When I offered to foster Dixie and her brood for the shelter, I did it with the understanding that my job was to give Dixie a safe place to raise her litter and to give the puppies the best possible start in life.  Dixie was loved and cared for with us.  Her medical issues were addressed and as soon as the pups were OK without her, she was re-homed by the shelter.  The puppies were socialized with dogs, cats, adults and kids.  When I brought them back to the shelter at 7 weeks of age, I did it confident that I had done my job well. 

Abby and Kate were adopted by a nice couple and their two adorable boys. The pups were all sent home with a coupon provided by me for a free private lesson to help the adopters get off to a good start with training.  This family met with me a couple weeks after they adopted the puppies.  I could tell within 5 minutes of interacting with the family that they were nice folks...but they were totally overwhelmed  with the needs of two active boys and two active puppies.  I was stressed out just spending an hour with them!  Yikes!  It was obvious there was plenty of love in this household, but ...love is not enough. They were going to need alot of on-going support and training if they were going to succeed.  Sadly they did not seek that assistance.

A year later, the pups were returned to the shelter (thankfully), the family cited "financial hardship" as the surrender reason, but the surrender info form gave a glimpse into some of the training issues they were having above and beyond affording veterinary care!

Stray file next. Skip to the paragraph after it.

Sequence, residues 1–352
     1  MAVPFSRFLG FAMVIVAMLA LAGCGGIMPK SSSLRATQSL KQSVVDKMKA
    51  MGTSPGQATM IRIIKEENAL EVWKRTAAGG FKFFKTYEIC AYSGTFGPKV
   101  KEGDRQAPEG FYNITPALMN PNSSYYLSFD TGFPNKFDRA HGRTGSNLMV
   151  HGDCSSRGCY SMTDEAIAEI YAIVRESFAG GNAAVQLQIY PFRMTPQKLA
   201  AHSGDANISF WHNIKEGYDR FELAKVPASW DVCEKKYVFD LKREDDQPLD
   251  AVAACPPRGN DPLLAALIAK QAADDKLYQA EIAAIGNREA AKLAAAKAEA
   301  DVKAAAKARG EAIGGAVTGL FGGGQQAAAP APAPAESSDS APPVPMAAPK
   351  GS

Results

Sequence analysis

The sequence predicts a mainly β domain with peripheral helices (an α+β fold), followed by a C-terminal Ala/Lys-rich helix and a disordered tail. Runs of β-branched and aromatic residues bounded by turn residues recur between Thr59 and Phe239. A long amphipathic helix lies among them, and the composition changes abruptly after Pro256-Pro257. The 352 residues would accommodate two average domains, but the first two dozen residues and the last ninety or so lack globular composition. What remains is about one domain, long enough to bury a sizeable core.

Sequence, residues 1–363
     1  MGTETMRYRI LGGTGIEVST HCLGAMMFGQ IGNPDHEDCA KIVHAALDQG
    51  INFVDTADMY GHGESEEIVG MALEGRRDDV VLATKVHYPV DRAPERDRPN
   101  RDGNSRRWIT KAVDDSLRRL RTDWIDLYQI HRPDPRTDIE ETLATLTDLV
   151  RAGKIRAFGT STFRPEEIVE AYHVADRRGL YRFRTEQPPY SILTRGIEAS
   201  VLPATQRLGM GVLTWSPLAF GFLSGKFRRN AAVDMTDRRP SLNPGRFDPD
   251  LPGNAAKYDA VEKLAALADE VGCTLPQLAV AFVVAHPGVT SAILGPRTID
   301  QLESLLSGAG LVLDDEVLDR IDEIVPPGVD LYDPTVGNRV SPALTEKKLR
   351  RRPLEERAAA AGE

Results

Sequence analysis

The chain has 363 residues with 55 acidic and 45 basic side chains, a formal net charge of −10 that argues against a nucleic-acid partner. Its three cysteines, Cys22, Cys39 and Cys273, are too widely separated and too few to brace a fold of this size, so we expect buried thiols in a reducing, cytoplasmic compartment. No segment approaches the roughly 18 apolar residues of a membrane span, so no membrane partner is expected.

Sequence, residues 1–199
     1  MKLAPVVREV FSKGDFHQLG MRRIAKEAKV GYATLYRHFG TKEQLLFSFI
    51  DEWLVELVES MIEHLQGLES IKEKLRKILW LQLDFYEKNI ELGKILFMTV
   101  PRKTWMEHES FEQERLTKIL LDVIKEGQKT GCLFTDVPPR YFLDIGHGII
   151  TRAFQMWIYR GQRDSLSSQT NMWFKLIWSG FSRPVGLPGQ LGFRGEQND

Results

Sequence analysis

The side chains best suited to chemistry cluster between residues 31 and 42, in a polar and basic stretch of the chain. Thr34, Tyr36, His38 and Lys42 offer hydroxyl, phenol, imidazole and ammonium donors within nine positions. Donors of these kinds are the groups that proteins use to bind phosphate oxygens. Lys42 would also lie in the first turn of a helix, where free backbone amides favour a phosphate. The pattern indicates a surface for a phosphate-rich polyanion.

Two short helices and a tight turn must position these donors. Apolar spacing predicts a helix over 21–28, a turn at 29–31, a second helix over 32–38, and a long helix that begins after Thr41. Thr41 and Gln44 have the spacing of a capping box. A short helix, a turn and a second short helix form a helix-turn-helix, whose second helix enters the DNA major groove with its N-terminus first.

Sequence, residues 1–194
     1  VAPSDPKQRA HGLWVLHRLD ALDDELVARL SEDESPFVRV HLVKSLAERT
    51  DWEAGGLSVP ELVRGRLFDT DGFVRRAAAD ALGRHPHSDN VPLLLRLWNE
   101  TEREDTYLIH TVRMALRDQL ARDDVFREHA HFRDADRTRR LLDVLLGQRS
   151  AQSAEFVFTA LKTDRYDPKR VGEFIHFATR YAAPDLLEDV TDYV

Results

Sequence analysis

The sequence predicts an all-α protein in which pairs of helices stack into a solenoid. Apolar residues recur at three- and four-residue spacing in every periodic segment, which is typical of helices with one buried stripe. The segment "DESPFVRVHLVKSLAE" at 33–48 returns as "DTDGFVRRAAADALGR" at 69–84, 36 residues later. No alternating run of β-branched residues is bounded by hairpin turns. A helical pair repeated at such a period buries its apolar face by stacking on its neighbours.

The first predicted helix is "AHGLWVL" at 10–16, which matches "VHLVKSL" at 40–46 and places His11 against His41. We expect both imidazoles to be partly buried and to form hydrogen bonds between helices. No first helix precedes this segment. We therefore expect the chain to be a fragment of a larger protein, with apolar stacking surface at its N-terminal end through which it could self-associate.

I was sad when I got the call from the shelter, but I was not surprised.    Statistically, some adoptions are going to fail.  Shit happens in real life to real people.  In my opinion, this particular adoption's failure could only have been prevented by not ever happening in the first place...
But as I said, this blog is not about debating adoption policies.  

So...Abby and Kate are back at The Rutland County Humane Society and are looking for homes.
NO - They do not need to go home together.
NO - They were not mistreated.
NO - They will not be traumatized by this temporary set back in their lives. They are solid puppies.
          I know.  I raised them.
YES -They need some remedial training.
YES - They are sweet and friendly.
YES - They are cute as lil bugs.

YES - It makes me cry to see "my" pups in the kennels.

Please consider adopting one!
RCHS
www.rchsvt.org
802-483-6700
FYI - their names have been changed.
Ask about Dixie's returned puppies.






2 comments:

  1. So sorry to hear this. Two pups together is usually bad news. Wish I could help. I hope they find perfect homes this time.

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  2. Hi Lesli...I thought my peoples commented the other day, but I don't think her comment went through. Anyway, sorry to hear about the pups. It's sad when peoples adopt us dogs and then change their minds later on. Peoples aren't very bright some times, and they should think before they adopt. I've done my time in the big house, and it's NO fun. I hope someone springs your pups soon.